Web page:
Sometimes, it’s the “small data” that gives marketers the insight they need to do the most effective targeting. This article from DMN sister publication Campaign US showcases an example of that approach in action.
When Noel Cottrell, chief creative officer of Fitzgerald & Co., first arrived in the US from South Africa, he was surprised to discover America’s extreme culture surrounding food, especially when it came to fast food. “People talk about fast food like they talk about gourmet meals,” he said.
Now, four months after his agency won creative duties for Checkers & Rally’s, Cottrell is putting his observation to use with a campaign targeting fast-food enthusiasts centered on an existing hashtag, #FastFoodie.
The campaign, which launched yesterday, features three 30-second spots in which discerning, slightly hipsterish customers reflect on the quality and value of & Rally’s product. In “Thrift Store,” a young woman sits in her eclectically decorated living room devouring a Buttery Steak Burger. “That’s high-fashion flavor at a thrift store price,” she says in a voiceover, while pulling the thrift store tag off her new leather jacket ($15).
In “Minor League,” a man watches a baseball game while relaxing in the stands with the Crispy Mushroom Steak Burger. “That’s big-league flavor for a minor-league price,” he says. (The third spot was not made available for preview.)
Each of the spots, which will run on national broadcast TV and online, ends with the line, “Fast foodies know the deal.”
But the heart of the campaign is the social-media efforts, which will encourage followers to share their love of Checkers & Rally’s using the #FastFoodie hashtag. The fast food chain is even renaming its loyalty club “The Fast Foodies,” and plans to embrace the nickname on its packaging. There is also an upcoming app, said Cottrell.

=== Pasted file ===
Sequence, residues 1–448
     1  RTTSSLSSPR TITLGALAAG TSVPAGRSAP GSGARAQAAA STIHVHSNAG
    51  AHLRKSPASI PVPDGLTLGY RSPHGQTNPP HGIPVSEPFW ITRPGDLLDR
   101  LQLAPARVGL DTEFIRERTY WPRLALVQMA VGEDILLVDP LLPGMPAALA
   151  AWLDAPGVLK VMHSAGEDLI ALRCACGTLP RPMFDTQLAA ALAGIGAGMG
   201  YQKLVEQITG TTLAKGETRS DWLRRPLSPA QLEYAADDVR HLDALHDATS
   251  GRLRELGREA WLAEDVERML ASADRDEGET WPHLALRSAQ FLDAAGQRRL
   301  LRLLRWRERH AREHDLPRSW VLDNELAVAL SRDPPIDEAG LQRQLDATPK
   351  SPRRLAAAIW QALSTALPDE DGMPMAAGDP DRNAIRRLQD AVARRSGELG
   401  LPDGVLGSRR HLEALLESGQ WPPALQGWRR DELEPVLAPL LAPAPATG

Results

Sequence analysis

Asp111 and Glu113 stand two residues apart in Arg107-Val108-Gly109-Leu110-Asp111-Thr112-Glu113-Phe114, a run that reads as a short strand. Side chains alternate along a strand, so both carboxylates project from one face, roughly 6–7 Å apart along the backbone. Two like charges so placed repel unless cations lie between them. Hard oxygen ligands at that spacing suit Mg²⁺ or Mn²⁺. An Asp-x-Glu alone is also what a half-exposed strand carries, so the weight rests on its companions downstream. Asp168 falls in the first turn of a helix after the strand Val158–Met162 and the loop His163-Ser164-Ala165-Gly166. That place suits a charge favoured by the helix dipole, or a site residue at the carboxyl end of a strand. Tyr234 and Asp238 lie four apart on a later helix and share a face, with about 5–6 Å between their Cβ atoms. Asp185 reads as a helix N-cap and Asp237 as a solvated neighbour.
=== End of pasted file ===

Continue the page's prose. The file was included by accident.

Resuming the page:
The campaign is rooted in the insight that Checkers & Rally’s is among the obsessions of self-described fast foodies, who also fetishize chains like In-N-Out Burger and Chick-fil-A. Cottrell described the community as eaters that “talk about the details” of the fast food world—down to the cheese that sticks to the wrapper. To better understand the subculture, Fitzgerald convened focus groups and studied YouTube food shows like the “Fry Guys.”
To increase the campaign’s fast foodie cred, Fitzgerald enlisted director Chris Applebaum, the auteur behind the Paris Hilton Carl’s Jr. commercials.
Though the #Fastfoodie hashtag has been in modest use for years (often ironically), “no brand has ever latched onto” it before, said Cottrell. “It’s going to be something we have to build.”
Checkers & Rally’s tapped Fitzgerald, which is part of McCann Worldgroup, to replace 360i in January. The agency also counts Coca-Cola and Carrabba’s Italian Grill among its clients.
— Jill Claxton (@setforthinstyle) January 21, 2016
Originally published by DMN sister publication Campaign US. Reprinted with permission.